‘The best smell there is’

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FARMINGTON – Working outside in all kinds of weather while everyone else is sitting inside at a desk. Operating chain saws and heavy machinery in class. Learning a job you’ve dreamed of doing since you were a kid.

It’s a history-lecture-induced daydream for some high-schoolers.

But for the 16 kids in Dean Merrill and Ron Hodgdon’s forestry class at Foster Regional Applied Technical Center, it’s simply an average school day.

They take other, more traditional, classes. They sit inside for hours with Hodgdon and Merrill, learning about everything from CPR to differentiation of tree species.

But for most of the time – after a 9-week introduction period, that is – they’re outdoors, steeped in the smell of pine and fir and cedar, mucking about with big machines.

“The smell of fir and pine – that’s the best smell there is, right there,” Sam Webber, 18, said Tuesday on a break from cutting trees with a chain saw.

Webber, from New Vineyard, said he’s known that he wanted to be a logger since he was 10 years old. He enjoys every part of the class except the cold weather, and not because he can’t take it. “They try to keep us in(side),” he explained.

By the time they’re out of the program, Merrill said, his and Hodgdon’s students will be proficient with logging equipment, safety and skills – including best management practices and silviculture techniques. And many also will be certified logging professional apprentices, which makes them far more employable.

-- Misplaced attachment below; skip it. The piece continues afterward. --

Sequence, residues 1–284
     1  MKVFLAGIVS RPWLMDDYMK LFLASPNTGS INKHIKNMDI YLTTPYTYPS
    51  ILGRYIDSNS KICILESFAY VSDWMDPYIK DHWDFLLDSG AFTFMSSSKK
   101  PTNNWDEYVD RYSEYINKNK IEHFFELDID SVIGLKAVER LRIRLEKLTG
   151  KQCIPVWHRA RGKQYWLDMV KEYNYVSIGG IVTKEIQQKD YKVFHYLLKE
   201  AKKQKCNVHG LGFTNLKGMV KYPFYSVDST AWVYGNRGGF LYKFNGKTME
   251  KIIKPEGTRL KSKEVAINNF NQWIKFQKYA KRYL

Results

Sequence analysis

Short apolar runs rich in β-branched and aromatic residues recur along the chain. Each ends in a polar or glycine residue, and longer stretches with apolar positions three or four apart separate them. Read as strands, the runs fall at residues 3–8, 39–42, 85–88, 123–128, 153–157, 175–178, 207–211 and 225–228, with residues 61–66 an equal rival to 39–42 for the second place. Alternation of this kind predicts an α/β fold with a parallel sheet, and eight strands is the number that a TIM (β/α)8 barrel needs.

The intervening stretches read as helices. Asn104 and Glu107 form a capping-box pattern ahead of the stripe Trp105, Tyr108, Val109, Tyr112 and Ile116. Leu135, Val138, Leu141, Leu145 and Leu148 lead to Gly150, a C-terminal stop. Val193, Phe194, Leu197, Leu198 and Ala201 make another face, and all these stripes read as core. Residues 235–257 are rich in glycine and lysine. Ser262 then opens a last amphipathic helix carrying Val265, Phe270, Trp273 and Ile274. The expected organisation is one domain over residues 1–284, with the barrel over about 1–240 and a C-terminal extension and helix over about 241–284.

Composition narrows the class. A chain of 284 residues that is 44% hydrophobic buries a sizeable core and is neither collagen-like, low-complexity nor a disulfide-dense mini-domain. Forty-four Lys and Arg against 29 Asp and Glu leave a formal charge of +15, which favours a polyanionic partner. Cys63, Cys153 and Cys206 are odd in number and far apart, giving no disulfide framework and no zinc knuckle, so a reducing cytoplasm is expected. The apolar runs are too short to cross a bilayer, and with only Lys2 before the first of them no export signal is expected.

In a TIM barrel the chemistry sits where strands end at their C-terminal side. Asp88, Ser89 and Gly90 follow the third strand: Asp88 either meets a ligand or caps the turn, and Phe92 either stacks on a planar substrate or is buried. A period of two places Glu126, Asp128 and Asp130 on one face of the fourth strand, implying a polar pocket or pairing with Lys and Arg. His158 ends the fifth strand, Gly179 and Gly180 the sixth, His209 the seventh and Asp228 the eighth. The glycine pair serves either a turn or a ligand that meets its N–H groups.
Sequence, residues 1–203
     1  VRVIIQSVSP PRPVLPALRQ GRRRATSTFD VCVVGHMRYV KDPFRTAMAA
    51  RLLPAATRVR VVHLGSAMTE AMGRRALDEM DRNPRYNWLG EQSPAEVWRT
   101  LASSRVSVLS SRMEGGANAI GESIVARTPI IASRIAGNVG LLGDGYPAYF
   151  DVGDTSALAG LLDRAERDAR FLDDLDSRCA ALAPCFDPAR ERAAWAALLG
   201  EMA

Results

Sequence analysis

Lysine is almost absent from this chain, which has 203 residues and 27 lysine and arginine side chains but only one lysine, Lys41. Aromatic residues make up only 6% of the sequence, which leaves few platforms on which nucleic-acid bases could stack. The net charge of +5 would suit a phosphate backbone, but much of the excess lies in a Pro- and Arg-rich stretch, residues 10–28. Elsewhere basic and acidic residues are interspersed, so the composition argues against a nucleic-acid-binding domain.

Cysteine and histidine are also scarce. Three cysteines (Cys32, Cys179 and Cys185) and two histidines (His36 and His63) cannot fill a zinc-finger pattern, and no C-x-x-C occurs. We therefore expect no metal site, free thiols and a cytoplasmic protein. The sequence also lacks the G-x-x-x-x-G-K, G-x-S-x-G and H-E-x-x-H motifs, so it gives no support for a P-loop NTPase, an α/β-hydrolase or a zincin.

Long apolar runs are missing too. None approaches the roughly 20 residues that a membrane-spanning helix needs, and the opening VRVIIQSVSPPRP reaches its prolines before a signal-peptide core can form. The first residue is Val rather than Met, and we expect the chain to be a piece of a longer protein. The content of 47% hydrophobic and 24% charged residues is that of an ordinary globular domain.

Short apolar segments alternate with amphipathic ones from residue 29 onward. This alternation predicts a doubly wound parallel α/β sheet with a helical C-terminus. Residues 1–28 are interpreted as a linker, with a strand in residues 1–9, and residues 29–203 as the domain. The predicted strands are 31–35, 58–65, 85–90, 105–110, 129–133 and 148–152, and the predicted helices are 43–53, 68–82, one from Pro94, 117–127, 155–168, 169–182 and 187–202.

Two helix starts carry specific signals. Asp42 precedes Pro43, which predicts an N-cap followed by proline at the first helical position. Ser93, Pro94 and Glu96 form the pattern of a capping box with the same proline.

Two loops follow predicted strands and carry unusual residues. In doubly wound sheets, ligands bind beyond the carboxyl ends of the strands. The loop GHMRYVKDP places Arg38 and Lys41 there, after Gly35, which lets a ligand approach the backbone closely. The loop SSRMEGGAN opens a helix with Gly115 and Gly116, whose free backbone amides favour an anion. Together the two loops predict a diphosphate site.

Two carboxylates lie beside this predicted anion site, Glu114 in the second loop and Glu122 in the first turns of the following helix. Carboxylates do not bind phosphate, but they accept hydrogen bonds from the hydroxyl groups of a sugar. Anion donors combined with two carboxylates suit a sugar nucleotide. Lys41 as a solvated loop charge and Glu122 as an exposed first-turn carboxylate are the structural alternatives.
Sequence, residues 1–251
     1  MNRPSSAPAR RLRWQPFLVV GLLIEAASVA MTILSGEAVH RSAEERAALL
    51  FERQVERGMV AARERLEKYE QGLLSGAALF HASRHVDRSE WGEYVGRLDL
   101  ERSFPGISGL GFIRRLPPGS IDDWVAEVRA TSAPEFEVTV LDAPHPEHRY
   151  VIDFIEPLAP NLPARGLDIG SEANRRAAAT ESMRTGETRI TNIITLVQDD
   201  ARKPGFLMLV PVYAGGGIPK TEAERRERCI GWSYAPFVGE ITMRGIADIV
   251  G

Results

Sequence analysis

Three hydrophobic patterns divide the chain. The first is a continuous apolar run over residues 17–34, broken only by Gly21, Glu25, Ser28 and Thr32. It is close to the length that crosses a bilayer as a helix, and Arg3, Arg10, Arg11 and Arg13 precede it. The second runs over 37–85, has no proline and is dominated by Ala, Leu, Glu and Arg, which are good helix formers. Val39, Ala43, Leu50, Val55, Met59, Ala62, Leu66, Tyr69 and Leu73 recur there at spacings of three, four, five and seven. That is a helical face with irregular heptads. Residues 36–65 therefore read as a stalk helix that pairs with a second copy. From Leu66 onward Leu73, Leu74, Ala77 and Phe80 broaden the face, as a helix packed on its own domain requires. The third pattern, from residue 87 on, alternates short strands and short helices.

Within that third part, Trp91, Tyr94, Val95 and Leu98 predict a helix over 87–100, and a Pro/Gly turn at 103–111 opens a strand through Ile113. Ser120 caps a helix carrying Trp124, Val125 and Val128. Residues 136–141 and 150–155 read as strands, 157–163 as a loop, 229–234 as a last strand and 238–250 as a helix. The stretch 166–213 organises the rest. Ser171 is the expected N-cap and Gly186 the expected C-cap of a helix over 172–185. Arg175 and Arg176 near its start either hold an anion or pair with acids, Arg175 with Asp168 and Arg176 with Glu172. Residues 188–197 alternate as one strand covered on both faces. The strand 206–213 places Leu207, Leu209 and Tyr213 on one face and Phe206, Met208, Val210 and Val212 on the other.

A few go to school and get degrees in forestry when they’re done, Merrill said. Three or four every year go straight into professional logging when they graduate, as Webber plans to.

For some, even if they don’t plan to go on to logging careers when they’re done, just being part of the class seems to make a huge difference in their lives. Being successful at something as real-world as logging has an impact, he said.

“Some kids completely turn around,” he said. “We don’t care where you’ve been. We care where you’re going.”

Being a member of the class is a big responsibility, 17-year-old Kateleen Roberts said. Working with big machines, you’ve got to be mature and pay attention to what you’re doing.

“Every year on the first day we tell them, ‘Everyone sitting here, before the year’s done, will have the opportunity to kill us. Please don’t,'” Merrill said. “We’re working with real trees, real gravity and reach machines.”

And that’s what many of the logging and forestry students like best. “I like running the big machines,” 16-year-old Matt Grover said. “And running the chain saw. We learn all kinds of stuff in this class.”

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